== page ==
Feitshans High School - Log Yearbook (Springfield, IL)

 - Class of 1948

Page 1 of 110


Feitshans High School - Log Yearbook (Springfield, IL) online yearbook collection, 1948 Edition, Cover

Page 6, 1948 Edition, Feitshans High School - Log Yearbook (Springfield, IL) online yearbook collectionPage 7, 1948 Edition, Feitshans High School - Log Yearbook (Springfield, IL) online yearbook collection
Pages 6 - 7

Page 10, 1948 Edition, Feitshans High School - Log Yearbook (Springfield, IL) online yearbook collectionPage 11, 1948 Edition, Feitshans High School - Log Yearbook (Springfield, IL) online yearbook collection
Pages 10 - 11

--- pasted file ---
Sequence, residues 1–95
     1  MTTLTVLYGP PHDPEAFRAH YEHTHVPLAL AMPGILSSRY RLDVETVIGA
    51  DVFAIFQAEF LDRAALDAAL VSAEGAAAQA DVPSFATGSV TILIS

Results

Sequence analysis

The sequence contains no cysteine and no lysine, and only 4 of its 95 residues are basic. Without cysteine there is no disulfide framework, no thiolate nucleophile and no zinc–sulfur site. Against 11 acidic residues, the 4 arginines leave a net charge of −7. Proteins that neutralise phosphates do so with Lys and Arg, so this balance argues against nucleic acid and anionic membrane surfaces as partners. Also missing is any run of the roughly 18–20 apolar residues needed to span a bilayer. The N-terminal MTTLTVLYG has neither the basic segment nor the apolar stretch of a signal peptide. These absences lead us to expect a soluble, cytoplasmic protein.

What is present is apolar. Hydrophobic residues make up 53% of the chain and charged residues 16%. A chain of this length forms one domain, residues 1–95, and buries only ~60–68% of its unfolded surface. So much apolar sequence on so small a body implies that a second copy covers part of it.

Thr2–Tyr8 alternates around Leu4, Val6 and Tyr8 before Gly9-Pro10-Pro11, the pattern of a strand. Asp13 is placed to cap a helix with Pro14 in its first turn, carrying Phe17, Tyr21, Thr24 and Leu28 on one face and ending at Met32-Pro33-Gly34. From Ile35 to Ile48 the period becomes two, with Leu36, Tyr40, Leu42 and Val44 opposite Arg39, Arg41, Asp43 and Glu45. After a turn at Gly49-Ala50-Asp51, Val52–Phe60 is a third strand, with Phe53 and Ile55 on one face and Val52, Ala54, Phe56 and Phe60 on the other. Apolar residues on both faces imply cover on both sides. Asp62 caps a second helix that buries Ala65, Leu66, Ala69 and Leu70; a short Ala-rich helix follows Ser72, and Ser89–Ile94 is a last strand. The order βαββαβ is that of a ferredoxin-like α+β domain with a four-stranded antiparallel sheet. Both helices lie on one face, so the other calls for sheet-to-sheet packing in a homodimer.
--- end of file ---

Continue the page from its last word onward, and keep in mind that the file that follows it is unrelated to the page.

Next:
Page 14, 1948 Edition, Feitshans High School - Log Yearbook (Springfield, IL) online yearbook collectionPage 15, 1948 Edition, Feitshans High School - Log Yearbook (Springfield, IL) online yearbook collection
Pages 14 - 15

Page 8, 1948 Edition, Feitshans High School - Log Yearbook (Springfield, IL) online yearbook collectionPage 9, 1948 Edition, Feitshans High School - Log Yearbook (Springfield, IL) online yearbook collection
Pages 8 - 9
Page 12, 1948 Edition, Feitshans High School - Log Yearbook (Springfield, IL) online yearbook collectionPage 13, 1948 Edition, Feitshans High School - Log Yearbook (Springfield, IL) online yearbook collection
Pages 12 - 13
Page 16, 1948 Edition, Feitshans High School - Log Yearbook (Springfield, IL) online yearbook collectionPage 17, 1948 Edition, Feitshans High School - Log Yearbook (Springfield, IL) online yearbook collection
Pages 16 - 17

Text from Pages 1 - 110 of the 1948 volume: